Federal, state and county candidates in the upcoming Nov. 2 General Election made an appearance at a candidate forum last week, with only two Democratic candidates appearing at the event.
Republican District 27 U.S. Representative challenger Blake Farenthold made his way to the podium to speak to the nearly 100 attendees carrying a life-size cardboard cutout of Solomon P. Ortiz, who did not attend the Sept. 29 event. The mock-up drew laughs and cheers from Republican supporters, while Ortiz's son, District 33 State Rep. Solomon Ortiz Jr., also a Democrat, looked on.
"Basically, my platform is simple - I'm going to Washington (D.C.) to work hard and do less for you," Farenthold said to the crowd. "I believe government needs to get out of your lives and get out of the way of business and create jobs by creating less regulation and a predictable regulatory environment, as well as lowering taxes."
Ortiz Jr. and District 34 State Rep. Abel Herrero, both incumbents, were the only two Democratic candidates at the Republican-heavy event.
Herrero and his challenger, Republican Connie Scott, both offered differing views on a variety of topics, including Herrero stating he would like to see the Children's Health Insurance Program expanded, while Scott countered that parents must begin taking responsibility for providing their own children with health insurance, rather than relying solely on the taxpayer-funded program.
The pair also disagreed on the possibility of providing enabling legislation in next year's legislative session that could lead to a countywide drainage district being put before the county's voters.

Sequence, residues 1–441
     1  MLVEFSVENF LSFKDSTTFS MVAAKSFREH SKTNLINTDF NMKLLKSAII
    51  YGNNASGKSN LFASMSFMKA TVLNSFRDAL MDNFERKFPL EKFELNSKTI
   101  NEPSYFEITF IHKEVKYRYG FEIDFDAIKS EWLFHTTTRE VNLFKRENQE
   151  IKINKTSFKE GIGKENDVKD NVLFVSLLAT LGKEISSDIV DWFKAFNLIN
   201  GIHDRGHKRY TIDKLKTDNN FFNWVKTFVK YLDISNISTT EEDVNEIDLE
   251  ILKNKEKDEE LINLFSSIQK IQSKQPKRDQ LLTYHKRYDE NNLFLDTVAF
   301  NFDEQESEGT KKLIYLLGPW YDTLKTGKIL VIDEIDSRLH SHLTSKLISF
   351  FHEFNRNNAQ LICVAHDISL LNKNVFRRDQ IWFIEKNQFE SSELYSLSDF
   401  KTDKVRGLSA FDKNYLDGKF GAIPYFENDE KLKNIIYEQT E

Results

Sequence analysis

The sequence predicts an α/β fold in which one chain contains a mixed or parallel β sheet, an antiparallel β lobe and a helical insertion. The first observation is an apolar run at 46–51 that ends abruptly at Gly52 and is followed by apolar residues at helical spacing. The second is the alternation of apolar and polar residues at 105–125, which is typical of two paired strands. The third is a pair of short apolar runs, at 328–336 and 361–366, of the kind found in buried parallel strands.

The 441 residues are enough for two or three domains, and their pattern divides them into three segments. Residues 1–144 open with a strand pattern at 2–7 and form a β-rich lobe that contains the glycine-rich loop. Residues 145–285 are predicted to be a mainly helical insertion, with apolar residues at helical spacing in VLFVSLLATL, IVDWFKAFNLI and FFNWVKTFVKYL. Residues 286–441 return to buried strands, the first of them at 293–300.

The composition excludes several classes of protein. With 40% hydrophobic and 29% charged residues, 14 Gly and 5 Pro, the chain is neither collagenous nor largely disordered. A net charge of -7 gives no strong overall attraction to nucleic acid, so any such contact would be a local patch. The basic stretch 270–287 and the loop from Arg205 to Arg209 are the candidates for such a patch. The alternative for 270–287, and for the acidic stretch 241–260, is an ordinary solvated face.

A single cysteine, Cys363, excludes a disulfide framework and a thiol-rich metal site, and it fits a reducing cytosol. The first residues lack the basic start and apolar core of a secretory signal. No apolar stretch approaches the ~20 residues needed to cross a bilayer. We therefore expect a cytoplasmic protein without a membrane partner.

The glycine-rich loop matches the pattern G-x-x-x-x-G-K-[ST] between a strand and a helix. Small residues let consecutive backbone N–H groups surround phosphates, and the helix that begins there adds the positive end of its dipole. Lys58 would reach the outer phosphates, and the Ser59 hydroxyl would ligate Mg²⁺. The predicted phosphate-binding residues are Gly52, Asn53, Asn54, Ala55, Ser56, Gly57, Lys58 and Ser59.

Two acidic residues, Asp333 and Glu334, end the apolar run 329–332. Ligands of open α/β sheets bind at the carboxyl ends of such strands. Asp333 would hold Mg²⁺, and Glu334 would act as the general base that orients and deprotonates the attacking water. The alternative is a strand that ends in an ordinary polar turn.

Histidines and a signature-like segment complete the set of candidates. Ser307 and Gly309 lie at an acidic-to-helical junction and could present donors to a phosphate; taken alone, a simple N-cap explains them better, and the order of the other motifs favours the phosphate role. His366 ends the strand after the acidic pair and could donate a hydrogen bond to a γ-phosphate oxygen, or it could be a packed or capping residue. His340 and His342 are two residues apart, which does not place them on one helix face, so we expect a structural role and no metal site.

Scott said she would not make a decision for the county's constituents on the issue, instead leaving it up to them to decide if they wanted or didn't want a countywide drainage district. Herrero, however, said he would not support sponsoring the legislation that would allow such an election to take place.
"I am always for giving the people the right to vote on anything," Scott said. "Yes, I think you bring it back to the county and give the Nueces County residents an opportunity to vote on it."
"I do not support a bill that will create a tax," Herrero countered. "Unlike my opponent, I am not going to say one thing when it appears that it doesn't involve a tax. But that bill would create a tax to communities and entities that are not being taxed right now."
The question arose again during a segment of the forum set aside for Nueces County Judge candidates, of which incumbent Loyd Neal was the only one in attendance. His challenger, Clarissa Gonzalez, did not appear at the event.
When asked by a member of the audience if the county has pursued federal assistance for implementing improvements proposed in the county's $1 million Master Drainage Plan, Neal answered with a simple, "Yes."
"What was the outcome of that?" the audience member asked.
"No," Neal said half-jokingly in a response that drew laughter from the crowd.
The county had pursued federal stimulus funds from the government last year, but was unsuccessful in attaining any money for the drainage projects. Neal has been a longtime supporter of the formation of a countywide drainage district in order to fund drainage improvements all across the county.
"If there was ever a time that we needed a centralized, coordinated countywide drainage district, it's now," Neal said. "The people stood up at (Corpus Christi) City Hall (on Sept. 28) and said, 'Help me.' We can't help them until we can have an open, honest discussion and then present something for you to vote on. I'd never put anything on your back that you don't vote on."
Also in attendance was the Republican challenger for Precinct 2 Nueces County Commissioner, Gil Hernandez, who said he was hoping to be elected in order to further the Republican-controlled court's pledge to fiscal responsibility.
"It is my responsibility to be a good steward of your taxpayer dollar," he said.
Hernandez's Democratic opponent, Joe A. "JAG" Gonzalez did not attend last week's forum.